So, still sitting on the fence thinking prices will go even lower?  Excellent point and one it becomes harder and harder to debate.  How much lower do you think it will go?  5%, 10%, 15%?  In a buyers market, you are indeed free to make that offer now!

The economy needs you, please come out to play..

That would be are very smart! 

I read the economy news, especially housing stuff (been watching Freddie and Fannie pretty closely), and I find myself wondering, if any of it makes sense to most folks?  So I shall attempt to (over) simplify:

NAR says it is a 11.1 month market and the Northeast has seen a 12.6 drop in activity year over year.  You can read all about it , research department.  (just so you know I do not make this stuff up..)

What does that mean?  We have a lot of inventory because people are not buying.

Why are foreclosures bad?  While aside from the lose of someone’s home, they affect market value for mortgage paying citizens.  Uninhabited properties held in bank inventory must sell, usually at more modest prices.  Foreclosures cost everyone!

What is SubPrime lending and why did it melt down?  Loosy goosy lending parameters that let folks buy property they really could not afford, at higher rates, which made it that much harder to afford.  It melted down because the risk was passed down on investors then these mortgages stopped being paid, investors were losing money and locked up the breaks for obvious reasons.  No more loosy goosy lending.

What needs to happen for the market to improve?  I say consumer confidence needs to improve.  Yeah, I know it is all blamed on housing, subprime markets and rising interest rates…but I contend that steadily rising fuel costs were the starting point for our deflated perspective on our economy.  When gas went over 3 bucks per gallon, is when the wind went out of the sails.   The survey says that a new president will improve consumer confidence (as reported in Realtor Magazine).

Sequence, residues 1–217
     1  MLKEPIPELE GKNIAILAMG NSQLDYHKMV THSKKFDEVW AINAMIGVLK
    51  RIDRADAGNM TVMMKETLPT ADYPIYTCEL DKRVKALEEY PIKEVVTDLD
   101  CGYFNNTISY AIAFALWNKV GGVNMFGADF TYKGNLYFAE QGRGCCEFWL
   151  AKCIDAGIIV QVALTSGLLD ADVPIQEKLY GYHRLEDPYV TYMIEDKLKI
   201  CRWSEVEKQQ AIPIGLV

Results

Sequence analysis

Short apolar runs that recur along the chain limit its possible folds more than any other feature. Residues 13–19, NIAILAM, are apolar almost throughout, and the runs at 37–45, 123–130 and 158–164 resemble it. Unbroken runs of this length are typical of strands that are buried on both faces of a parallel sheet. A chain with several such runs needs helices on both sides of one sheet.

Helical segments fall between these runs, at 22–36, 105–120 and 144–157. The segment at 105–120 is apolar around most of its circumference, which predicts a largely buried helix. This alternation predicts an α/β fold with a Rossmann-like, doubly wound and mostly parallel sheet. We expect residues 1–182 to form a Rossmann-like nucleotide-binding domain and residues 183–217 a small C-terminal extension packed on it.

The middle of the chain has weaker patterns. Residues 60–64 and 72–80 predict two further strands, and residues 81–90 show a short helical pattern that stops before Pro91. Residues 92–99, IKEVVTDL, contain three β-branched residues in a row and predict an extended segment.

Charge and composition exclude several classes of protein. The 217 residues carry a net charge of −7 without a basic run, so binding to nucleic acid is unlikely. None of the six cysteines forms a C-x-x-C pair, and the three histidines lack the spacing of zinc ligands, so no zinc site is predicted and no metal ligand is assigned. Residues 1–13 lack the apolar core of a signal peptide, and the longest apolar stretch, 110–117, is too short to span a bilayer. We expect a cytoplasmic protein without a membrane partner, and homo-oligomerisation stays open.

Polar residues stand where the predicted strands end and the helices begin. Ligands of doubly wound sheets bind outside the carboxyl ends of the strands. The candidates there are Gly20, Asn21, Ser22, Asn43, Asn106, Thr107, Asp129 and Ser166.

And the good news is…we are a short 6 weeks from that!  Now, if only Wall Street could calm down..invest in real estate, it is a safer long term bet.

Ugh, I have written this post now 5 times, I am deeply disappointed in my own town.  Why?  The town of Lisbon, my town, is gearing up for its 4th referendum vote on an education budget.  After twice sending the same non-sensical budget to voters, it now has been slashed in a mean spirited fashion–the “we’ll show you” cuts have been made. 

It is likely that many probably have extended stays planned in town, but there are those who do not, some 34 properties are currently on the market..and our town’s public perception is in a free fall.  I could go on a tangent about my views on this issue (I did in the 4 previous writings…I have many and would love to talk personally with anyone who would like to hear), however the truth is businesses are suffering, property values are depreciating, we have a national election where the real estate industry is at the forefront of concern.  In a downsizing economy, where folks are taking pay cuts to keep their jobs and not even receiving the typical cost of living increases, asking your citizens to add another 8% to the budget may have been ill conceived.

My town should take responsible and considerate steps to ensure that what makes us grand is not further devalued…when you mess with schools and taxes…it is no wonder a town sits on the edge of its seat, feeling very feisty.

It is not about young versus old–please do not be sold that old bag of tricks.  We all pay, we all want a good reputation and accountability.  Our property values depend on it.